US’ attempt to Save Prabhakaran: India’s Menon & U.S. Book Confirm
In a strange coincidence, the United States’ ‘grand design’ to save Sri Lanka’s Tamil Tiger leader Velupillai Prabhakaran with its top leadership was disclosed simultaneously by former Indian National Security Adviser Shivshankar Menon and a book published in the U.S. – Tamil Tigers’ Debt to America: US Foreign-Policy Adventurism & Sri Lanka’s Dilemma – by a former state department employee who was attached to the American Embassy in Colombo, Sri Lanka.
Mr. Menon disclosed this in his just-released book ‘Choices: Inside the Making of India’s Foreign Policy’.
India’s former national security adviser was very confident when he declared in his book: “Leaders of Tamil Nadu, across the political divide, privately but effectively supported the Indian government’s policy of opposing efforts by the US and Norway to rescue Velupillai Prabhakaran so that his LTTE lived to fight another day.”
In the Tamil Tigers’ Debt to America author Daya Gamage, using his knowledge of American Foreign Service officers’ developed perspective and mind-set on Sri Lanka/Tamil issues during his tenure in the 1980s and 1990s as a political specialist at the U.S. diplomatic mission in Colombo, gives an analytical explanation as “the United States very strategically combined the two issues, simultaneously, the protection and evacuation of the civilians, and moving the hierarchy of the Tigers to safety, as one of the intentions of ending the long war. Had both been fulfilled, the United States would have achieved the creation of a pressure group to influence events in Sri Lanka.”
Mr. Menon in his book says, “Knowing that victory was round the corner, Rajapaksa was in no mood to agree to Western ceasefire proposals or to any idea that the LTTE leadership might be evacuated to safety, even if that was the only certain way to prevent casualties among civilians that the LTTE had driven onto to the peninsula as their hostages and human shields.”
Shivshankar Menon, in his book ‘Choices: Inside the Making of India’s Foreign Policy’ authoritatively states that the U.S. move to save the Tamil Tiger leadership was to allow the movement to “fight another day.”
“It is arguable that some brutality was inevitable in a war of this kind against a violent terrorist group that had shown no qualms about terrorizing its own people and physically eliminating all its potential adversaries, Tamil or Sinhala”, says Menon.
Daya Gamage, using his professional experience with American FSOs for more than two decades, and his knowledge of their developed perspective/mind-set on Tamil/Sri Lanka issues attributes in his book to Washington’s belief that the advent of the LTTE was due to unsolved Tamil issues and grievances and that this alone motivated to save Prabhakaran and his top leadership, in the words of Menon “fight for another day.”
Gamage’s book documents how Washington contemplated to save the LTTE leadership, even Secretary of State Hillary Clinton using her authority to block IMF economic assistance to Sri Lanka as a means of economic pressure on the Rajapaksa administration to declare a ceasefire to facilitate Prabhakaran to leave the battle front.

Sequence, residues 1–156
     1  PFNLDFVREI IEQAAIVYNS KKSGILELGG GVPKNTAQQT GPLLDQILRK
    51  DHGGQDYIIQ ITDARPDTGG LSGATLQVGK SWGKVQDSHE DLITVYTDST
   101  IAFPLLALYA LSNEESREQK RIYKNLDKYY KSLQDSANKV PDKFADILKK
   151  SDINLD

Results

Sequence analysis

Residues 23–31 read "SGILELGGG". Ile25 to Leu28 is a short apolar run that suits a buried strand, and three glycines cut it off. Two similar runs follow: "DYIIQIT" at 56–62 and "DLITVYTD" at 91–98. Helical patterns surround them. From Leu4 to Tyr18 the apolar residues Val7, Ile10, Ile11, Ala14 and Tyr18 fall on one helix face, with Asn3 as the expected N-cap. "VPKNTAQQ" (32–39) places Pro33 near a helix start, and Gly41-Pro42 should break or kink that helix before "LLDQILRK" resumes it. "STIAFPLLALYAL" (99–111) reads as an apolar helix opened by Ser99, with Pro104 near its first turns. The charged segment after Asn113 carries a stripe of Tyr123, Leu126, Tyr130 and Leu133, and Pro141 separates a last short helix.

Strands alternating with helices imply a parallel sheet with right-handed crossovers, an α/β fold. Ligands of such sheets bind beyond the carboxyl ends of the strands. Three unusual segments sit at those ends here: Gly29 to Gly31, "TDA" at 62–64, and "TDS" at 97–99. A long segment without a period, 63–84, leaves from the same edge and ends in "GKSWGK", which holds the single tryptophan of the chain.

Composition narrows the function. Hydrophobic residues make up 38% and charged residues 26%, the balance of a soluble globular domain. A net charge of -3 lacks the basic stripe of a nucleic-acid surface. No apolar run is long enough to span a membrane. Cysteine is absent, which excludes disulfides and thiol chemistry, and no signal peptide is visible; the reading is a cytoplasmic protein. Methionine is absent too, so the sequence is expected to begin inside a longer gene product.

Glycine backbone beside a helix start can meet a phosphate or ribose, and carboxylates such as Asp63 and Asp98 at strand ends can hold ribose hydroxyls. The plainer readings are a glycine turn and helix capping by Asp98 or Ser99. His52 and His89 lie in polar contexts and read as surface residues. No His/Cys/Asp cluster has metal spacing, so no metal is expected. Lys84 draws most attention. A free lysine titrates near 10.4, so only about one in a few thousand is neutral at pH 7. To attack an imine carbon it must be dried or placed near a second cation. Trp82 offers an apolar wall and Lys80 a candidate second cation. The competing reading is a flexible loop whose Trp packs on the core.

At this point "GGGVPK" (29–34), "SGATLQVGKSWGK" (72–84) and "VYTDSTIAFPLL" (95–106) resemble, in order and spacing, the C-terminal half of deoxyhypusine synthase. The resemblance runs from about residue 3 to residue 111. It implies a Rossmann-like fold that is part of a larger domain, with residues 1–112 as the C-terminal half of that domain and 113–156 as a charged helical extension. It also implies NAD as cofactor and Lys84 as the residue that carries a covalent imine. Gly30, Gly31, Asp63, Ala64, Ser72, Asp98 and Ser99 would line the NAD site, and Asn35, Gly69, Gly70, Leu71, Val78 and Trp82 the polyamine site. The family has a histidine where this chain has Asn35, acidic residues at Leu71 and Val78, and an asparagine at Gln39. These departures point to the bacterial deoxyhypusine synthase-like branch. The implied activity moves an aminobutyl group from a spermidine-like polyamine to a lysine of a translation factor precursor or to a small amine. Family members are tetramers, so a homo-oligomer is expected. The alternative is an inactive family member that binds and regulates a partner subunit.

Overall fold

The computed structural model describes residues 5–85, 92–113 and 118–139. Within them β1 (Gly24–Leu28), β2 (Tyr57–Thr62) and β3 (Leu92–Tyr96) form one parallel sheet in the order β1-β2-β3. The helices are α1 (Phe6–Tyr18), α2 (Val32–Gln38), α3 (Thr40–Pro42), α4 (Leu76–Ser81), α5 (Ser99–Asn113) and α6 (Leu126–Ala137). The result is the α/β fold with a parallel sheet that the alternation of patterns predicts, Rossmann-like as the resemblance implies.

Shivshankar Menon’s declaration fits well with what the former American Embassy political specialist documents in his book.
Daya Gamage’s book notes: On May 6, 2009, twelve days before the war ended, the State Department convened a special media event in Washington, presenting its deputy assistant secretary of State for South Asia to make significant announcements about the crucial developments in Sri Lanka. While announcing the measures taken by the USG toward the surrender of LTTE cadre and the protection of the unarmed civilians within the battle zone, the deputy assistant secretary Mike Owens made the following significant pronouncements:
“We, of course, have designated the LTTE as a terrorist organization, and we certainly have no sympathy for some of the things that they’ve carried out, but I think you do have to ask a very legitimate question: Why did they have a following in the beginning? And I think it’s because some in the Tamil community do have legitimate grievances, and we need to find—I think it’s imperative for Sri Lankans to find a way to give everyone in the community, all Sri Lankans a legitimate voice in their government.”
Threatening the Government of Sri Lanka Mike Owens declared: “If the government of Sri Lanka does attack the safe zone and large numbers of civilians are killed: Certainly, there would be consequences, and we’ve made it very clear to the leadership of the government of Sri Lanka there would be strong consequences if that occurred. I would not want to sort of tie our hands in terms of specifying exactly what those consequences would be, but we would certainly hold the government of Sri Lanka responsible for the death of a lot of civilians, and we’ve made that very clear to the leadership.”